ANAHEIM, Calif. -- The distinct sound of boxing tape echoed through the Angels' home clubhouse Sunday afternoon, with players packing their belongings for the winter solstice. They hugged one another and said their goodbyes, with very few acting as if they had just been swept out of the playoffs.
These Angels are on their way home after the Red Sox beat them 9-1 for a three-game sweep in the American League Division Series. Boston will go on to play the winner of the Indians-Yankees series, and Los Angeles will be left with questions about why it was defeated so handily when it was one of the premier teams throughout the season.
"To get to this point with what our organization and our roster dealt with all season is a terrific accomplishment," said Angels manager Mike Scioscia, whose team lost its ninth straight postseason game to Boston, dating to 1986. "It doesn't make us feel better when we wake up tomorrow -- we're not going to feel good about this series.
"I don't think the whole season is a disaster because of what happened in this series, but our expectations were higher than what we achieved."
What they achieved was just a .192 batting average, and a 6.66 team ERA in three games, while scoring in just two of the 27 innings played. Although never a power threat, the Angels achieved most of their offensive success throughout the year by manufacturing runs, and they actually had a better team batting average in the regular season than the Red Sox did. But they ran into a Boston team that gave up just four runs all series -- with a shutout by Josh Beckett in Game 1, a stellar bullpen effort in Game 2 and a postseason warrior for Game 3 in Curt Schilling, who stifled the Angels on their turf.
Perhaps that's why the clubhouse was far less somber than losing clubhouses in the past -- the Angels didn't lose the series in the ninth inning of Game 5. They lost it long before Sunday.
John Lackey, the losing pitcher in Game 1, was one of the only players sitting in his locker after the game pondering the outcome. Most were too busy packing and being social -- some even making jokes -- to think about what had just happened.
"I was just thinking 162 games of work can be over pretty quick," Lackey said. "They're good, man, how many times do you want us to give it to them? I'm definitely disappointed right now; we didn't get to where we wanted to get."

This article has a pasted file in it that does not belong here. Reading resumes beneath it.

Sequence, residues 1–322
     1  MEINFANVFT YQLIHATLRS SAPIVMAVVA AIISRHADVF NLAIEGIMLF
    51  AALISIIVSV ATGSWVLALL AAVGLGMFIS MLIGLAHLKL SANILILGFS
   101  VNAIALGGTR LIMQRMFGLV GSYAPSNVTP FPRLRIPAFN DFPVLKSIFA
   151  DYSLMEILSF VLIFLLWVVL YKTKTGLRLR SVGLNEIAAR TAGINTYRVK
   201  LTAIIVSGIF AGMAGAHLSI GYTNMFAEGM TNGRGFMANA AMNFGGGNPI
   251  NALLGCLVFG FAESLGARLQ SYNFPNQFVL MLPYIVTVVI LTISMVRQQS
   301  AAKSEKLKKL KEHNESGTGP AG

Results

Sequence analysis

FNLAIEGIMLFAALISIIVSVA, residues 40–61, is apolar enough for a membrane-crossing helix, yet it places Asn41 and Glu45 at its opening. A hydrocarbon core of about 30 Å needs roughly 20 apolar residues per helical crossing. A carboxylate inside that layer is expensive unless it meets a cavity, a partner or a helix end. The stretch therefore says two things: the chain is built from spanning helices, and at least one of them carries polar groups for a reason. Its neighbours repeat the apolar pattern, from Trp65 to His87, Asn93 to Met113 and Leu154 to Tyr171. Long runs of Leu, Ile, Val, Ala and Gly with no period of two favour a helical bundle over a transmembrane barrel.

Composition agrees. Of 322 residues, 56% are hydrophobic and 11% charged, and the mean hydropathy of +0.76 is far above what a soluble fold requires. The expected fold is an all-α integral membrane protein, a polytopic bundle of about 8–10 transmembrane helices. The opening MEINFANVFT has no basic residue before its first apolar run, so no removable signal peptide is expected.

Much was made of what the Angels didn't have, and that's their No. 4 hitter healthy, with Garret Anderson suffering from conjunctivitis. Anderson had been 2-for-9 with no homers and no RBIs until leaving Game 3 after the first inning. Adding to the injury/MIA list was Gary Matthews Jr., the Angels' center fielder, who hurt his ankle in the last week of the season and was left off the ALDS roster.
It also didn't help that Casey Kotchman, the team's first baseman, didn't start the final game with an undisclosed non-baseball medical condition and that Vladimir Guerrero, by far the biggest offensive weapon, was playing with a sore triceps that had limited him to DH duty for the last few weeks of the regular season. Guerrero finished 0-for-6 with no RBIs while playing right field in the series.
"You can't really make an excuse because we're missing some key players," said Jered Weaver, who limited the Red Sox to two runs in five innings in his first postseason start. "Obviously not having really any protection behind Vladdy today kind of put a little damper on the offensive situation, but at the same time, it's not just an offensive game.
"You can't put the blame on one thing."
As the ninth inning wound down and it was clear this would be a rout, the fans started filing out of Angel Stadium, the place where their team had the best record and batting average in the majors this season. As they retreated to their cars, the echoing of Red Sox chants filled their ears.
This year wasn't the Angels', and it had been pretty clear since the two teams first met Wednesday night in Boston that that likely would be the case.
Amy K. Nelson is a staff writer for ESPN.com.